No living African leader can take us much credit for giving direction to the African Union than Gadhafi, and he gets no thanks from Western countries and their institutions. The U.S. has illegally frozen $30 billion belonging to the Libyan State Bank, assets that were, according to African writer Jean-Paul Pougala, “earmarked as the Libyan contribution to three key projects which would add the finishing touches to the African federation — the African Investment Bank in Syrte, Libya, the establishment in 2011 of the African Monetary Fund to be based in Yaounde with a US$42 billion capital fund and the Abuja-based African Central Bank in Nigeria.”

The African Monetary Fund was expected to completely eliminate the pernicious influence of the IMF and its enforced privatization agenda. Failed efforts by the West at scuttling African unity by setting up regional alliances are back on the table in anticipation of Gadhafi’s fall.

Follow the money and power

Once again the simple rule of follow the money — and the power — applies if you want to discover the real reasons behind NATO and U.S. adventures. Gadhafi has been a thorn in the side of the West for a long time — a much bigger thorn as a force for unity in Africa than he ever was when he supported terrorism.

I happened to watch the NDP members of Parliament voting in favor of the extension of the Libyan war on television as it was happening — a depressing sight when you know that Layton and his advisors are fully aware that this conflict has nothing to do with humanitarianism and everything to do with imperialism. The NDP tried to camouflage its loss of principle by making soft amendments that Harper had no problem with because they did nothing to alter the reality of our unjustifiable intervention in that country. How it now intends to oppose the purchase of $30 billion worth of fighter bombers, designed for exactly this kind of shameful adventure, is anyone’s guess.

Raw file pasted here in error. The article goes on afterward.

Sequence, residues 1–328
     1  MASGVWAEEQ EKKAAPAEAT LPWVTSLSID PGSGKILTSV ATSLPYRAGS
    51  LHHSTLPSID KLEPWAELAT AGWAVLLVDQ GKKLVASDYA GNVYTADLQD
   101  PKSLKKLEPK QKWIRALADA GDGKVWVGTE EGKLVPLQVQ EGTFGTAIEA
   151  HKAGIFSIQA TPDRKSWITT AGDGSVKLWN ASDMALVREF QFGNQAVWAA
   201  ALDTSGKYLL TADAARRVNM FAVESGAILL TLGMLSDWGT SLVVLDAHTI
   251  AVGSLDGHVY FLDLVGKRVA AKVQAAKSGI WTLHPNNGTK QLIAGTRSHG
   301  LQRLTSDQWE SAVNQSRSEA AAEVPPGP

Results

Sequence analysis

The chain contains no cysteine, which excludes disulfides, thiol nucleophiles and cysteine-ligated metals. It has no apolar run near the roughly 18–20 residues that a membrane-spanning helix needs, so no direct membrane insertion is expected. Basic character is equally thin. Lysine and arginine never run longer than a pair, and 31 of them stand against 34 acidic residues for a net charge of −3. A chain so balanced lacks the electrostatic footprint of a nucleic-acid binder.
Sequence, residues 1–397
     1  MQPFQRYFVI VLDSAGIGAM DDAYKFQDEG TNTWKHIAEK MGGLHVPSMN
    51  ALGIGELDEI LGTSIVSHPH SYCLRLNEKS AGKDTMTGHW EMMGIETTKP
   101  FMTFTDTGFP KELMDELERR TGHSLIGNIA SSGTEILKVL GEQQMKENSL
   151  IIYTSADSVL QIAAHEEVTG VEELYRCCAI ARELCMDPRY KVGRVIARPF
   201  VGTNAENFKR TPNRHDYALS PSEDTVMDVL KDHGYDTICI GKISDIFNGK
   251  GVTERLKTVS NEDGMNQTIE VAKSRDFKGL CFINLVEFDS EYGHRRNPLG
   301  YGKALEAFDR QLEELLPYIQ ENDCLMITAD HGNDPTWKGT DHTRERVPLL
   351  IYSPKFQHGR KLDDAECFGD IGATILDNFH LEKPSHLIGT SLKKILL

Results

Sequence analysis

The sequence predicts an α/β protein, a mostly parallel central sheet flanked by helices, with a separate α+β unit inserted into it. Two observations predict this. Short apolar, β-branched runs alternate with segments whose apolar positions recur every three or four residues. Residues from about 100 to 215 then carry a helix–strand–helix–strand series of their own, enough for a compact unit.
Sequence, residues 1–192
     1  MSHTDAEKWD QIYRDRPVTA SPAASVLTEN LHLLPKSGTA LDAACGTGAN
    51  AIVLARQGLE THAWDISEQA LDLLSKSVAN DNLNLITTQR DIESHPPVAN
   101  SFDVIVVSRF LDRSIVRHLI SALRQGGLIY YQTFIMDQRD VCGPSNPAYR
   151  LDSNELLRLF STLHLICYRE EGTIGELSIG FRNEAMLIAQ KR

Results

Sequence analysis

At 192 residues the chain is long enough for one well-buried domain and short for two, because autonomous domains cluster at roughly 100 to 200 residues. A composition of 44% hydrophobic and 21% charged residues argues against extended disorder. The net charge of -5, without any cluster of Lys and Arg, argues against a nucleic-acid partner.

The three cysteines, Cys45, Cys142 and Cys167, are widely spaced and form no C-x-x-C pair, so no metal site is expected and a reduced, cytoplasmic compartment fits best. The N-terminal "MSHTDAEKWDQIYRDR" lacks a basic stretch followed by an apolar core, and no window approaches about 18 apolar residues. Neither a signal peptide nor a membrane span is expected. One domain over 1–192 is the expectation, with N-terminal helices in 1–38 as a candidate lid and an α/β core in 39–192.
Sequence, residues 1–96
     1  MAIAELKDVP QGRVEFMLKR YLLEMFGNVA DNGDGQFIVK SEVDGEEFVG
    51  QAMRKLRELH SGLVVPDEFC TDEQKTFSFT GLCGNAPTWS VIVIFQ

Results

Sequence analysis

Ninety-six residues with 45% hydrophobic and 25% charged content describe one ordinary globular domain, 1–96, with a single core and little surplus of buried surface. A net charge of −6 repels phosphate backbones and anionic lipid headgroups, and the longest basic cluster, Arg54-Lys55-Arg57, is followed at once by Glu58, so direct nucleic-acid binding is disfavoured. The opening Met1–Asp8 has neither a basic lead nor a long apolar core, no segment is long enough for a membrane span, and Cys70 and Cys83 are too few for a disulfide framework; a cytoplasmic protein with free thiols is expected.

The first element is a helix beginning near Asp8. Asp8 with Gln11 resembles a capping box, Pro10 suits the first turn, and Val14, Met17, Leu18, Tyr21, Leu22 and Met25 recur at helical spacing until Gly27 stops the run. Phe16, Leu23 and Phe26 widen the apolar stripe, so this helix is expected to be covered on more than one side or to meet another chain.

The 70 per cent of Canadians who say they opposed the three-and-a-half month extension can be thankful to the Green Party’s Elizabeth May who refused unanimous consent to the motion. She was the only principled MP in the House on that day.

Murray Dobbin, now living in Powell River, BC has been a journalist, broadcaster, author and social activist for over forty years. He has been a columnist for the Financial Post and Winnipeg Free Press, contributes guest editorials to the Globe and Mail and other Canadian dailies and now writes a bi-weekly column for the on-line journals the Tyee and rabble.ca. He can be reached at mdobbin@telus.net

 

More articles by:

MURRAY DOBBIN, now living in Powell River, BC has been a journalist, broadcaster, author and social activist for over forty years.  He can be reached at murraydobbin@shaw.ca